RFID, or radio frequency identification, is a technology that allows unique tags placed on products to be read by a compatible reader. Generally, the reader can read the tag from up to a few feet away and does not need to be in the direct path of the tag.
RFID is used to help locate items in the shipping or storage process, so they can be easily found and accessed by shippers, manufactures, or people in retail stores. The reader is able to read the special information unique to each tag and relay that information back to a computer program designed to collect and interpret the information. That information can then be read by a human and they can use said information for whatever purpose they need.
Although this may seem like a new type of technology, it has actually been in use as far back as the 1970’s. However, with all of the advances in our technology, it has improved and changed over the years to become more precise, efficient, and complex.
Today, we see many success stories of companies who have implemented RFID into more of their processes that have help reduce lost items, loss of money, and much more. We will take a look at some examples below and explore how RFID technology has improved the lives of workers and consumers alike.
A manufacturer that produces doors for storage facilities would have an average of fifty to sixty loads of doors shipped out every day. These doors were moved with contract trucks and many of the doors would never make it to their final destination because the truck drivers would sell the doors to contractors illegally in an effort to make a profit. Because the doors were not arriving at the storage facilities, customers were left unhappy and the company would have to shell out millions of dollars per year to make replacements and ship them out again.
In order to combat this issue, the door company began to place FRID tags on all of the pallets that contained the doors before they were shipped out in the contract trucks. With the tag, they were able to track the shipments/door in real-time, so they could always see where their products were. They were able to not only tell the precise location they were, but if the shipment was on time, if they were delays, or any damages to the items.
Customers were not just getting their doors as promised, but the company could even provide shipping updates for the customers, so they could see when the doors were scheduled to arrive. Once the items were delivered properly, the tags were removed and then sent back to the company.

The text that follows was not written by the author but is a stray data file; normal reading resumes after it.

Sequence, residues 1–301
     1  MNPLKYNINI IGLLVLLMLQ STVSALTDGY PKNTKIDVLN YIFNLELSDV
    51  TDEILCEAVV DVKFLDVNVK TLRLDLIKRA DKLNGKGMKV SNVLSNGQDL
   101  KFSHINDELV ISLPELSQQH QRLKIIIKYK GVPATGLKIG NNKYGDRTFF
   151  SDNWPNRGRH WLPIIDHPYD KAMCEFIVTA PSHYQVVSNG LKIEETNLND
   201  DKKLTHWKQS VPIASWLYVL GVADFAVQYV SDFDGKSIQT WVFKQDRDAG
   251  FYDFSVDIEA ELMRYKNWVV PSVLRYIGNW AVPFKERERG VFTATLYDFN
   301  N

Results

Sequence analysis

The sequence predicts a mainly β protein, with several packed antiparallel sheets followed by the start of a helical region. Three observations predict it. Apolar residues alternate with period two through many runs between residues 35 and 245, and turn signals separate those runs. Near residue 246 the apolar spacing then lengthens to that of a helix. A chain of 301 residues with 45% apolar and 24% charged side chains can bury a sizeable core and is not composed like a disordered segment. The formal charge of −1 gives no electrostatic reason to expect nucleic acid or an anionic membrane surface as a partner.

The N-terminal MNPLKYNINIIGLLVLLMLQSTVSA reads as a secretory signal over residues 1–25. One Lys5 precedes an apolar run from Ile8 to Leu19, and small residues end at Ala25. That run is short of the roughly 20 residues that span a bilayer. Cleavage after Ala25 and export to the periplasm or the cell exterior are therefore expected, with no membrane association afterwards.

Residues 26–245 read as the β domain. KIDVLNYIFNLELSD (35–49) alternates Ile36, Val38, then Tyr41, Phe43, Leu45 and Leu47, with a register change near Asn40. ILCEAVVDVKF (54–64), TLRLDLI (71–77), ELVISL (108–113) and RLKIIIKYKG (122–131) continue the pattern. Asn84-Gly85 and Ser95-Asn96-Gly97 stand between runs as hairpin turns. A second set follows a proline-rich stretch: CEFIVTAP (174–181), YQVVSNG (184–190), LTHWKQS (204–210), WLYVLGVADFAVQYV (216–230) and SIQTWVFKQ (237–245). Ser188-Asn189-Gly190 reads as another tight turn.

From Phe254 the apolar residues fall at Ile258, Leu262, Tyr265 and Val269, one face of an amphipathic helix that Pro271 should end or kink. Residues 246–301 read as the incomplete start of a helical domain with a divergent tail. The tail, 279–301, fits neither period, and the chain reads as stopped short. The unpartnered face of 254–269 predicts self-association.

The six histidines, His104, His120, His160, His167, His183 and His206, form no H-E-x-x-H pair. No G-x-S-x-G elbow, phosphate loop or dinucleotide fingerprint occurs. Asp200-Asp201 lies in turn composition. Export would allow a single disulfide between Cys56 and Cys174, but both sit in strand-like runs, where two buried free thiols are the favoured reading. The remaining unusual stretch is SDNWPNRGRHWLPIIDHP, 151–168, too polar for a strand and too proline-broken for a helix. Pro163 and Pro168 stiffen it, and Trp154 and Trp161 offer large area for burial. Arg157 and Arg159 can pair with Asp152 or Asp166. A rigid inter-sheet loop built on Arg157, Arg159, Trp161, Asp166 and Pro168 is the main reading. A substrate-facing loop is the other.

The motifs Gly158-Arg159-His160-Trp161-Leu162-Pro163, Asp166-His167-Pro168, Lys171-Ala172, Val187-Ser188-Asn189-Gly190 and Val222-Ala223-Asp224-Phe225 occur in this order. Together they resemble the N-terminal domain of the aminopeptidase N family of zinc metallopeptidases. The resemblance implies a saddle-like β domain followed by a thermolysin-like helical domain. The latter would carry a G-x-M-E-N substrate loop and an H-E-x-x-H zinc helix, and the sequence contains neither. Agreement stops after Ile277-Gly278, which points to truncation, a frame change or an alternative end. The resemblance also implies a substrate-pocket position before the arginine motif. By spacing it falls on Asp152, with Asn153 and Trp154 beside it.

The introduction of the RFID tags prevented the company from losing any more doors due to theft and allowed them to save millions of dollars per year.
Salvatore Ferragamo, a high-end Italian shoe and fashion designer, began to use RFID technology in his products in an effort to halt counterfeit fashion pieces from being sold as authentic Ferragamo designs. With billions of dollars of counterfeit fashion being sold just in Europe alone, it is a major issue that many brands have been aiming to correct for many years.
Ferragamo ad his team began to use RFID tech to help solve the counterfeiting issue and crack down on fakes circulating throughout the world. Essentially, the company insert tiny microchips into all of their fashion products and have been doing so since 2014. They can scan to make sure a product is authentic, but they can also track all of their items to gather information.
For customers, they are able to scan any product they buy from the brand to check for its authenticity and to find out more information about the product the recently purchased as well.
Dole, the major fruit and vegetable grower and supplier, has found much success with RFID tags and packaging. Quite a few years ago, Dole experienced a major E. coli outbreak the made hundreds of customers sick from eating contaminated food. In 2006, the company began the experiment with RFID tags to track their food supply chain. The introduction of the tags were meant to improve the ability to trace their products and to make sure the food remained safe and uncontaminated.
Dole would use the RFID tags and GPS to track the fruits and veggies from the harvesting processing to packaging to shipment to stores all around the world.